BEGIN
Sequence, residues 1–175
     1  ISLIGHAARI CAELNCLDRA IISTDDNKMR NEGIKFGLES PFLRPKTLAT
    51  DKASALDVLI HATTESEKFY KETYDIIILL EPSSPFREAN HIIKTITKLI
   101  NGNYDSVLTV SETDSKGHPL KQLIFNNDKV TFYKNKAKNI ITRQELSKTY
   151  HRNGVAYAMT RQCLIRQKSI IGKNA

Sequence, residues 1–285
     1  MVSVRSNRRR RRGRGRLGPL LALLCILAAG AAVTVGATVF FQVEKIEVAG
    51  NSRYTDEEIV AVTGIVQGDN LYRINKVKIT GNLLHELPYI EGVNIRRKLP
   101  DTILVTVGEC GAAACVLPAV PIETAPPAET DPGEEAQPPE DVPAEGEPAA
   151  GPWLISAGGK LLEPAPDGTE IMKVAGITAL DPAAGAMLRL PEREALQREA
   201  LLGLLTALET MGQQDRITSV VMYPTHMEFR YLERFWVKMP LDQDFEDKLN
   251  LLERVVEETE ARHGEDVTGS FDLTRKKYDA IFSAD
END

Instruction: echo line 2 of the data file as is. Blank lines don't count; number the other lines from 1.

     1  ISLIGHAARI CAELNCLDRA IISTDDNKMR NEGIKFGLES PFLRPKTLAT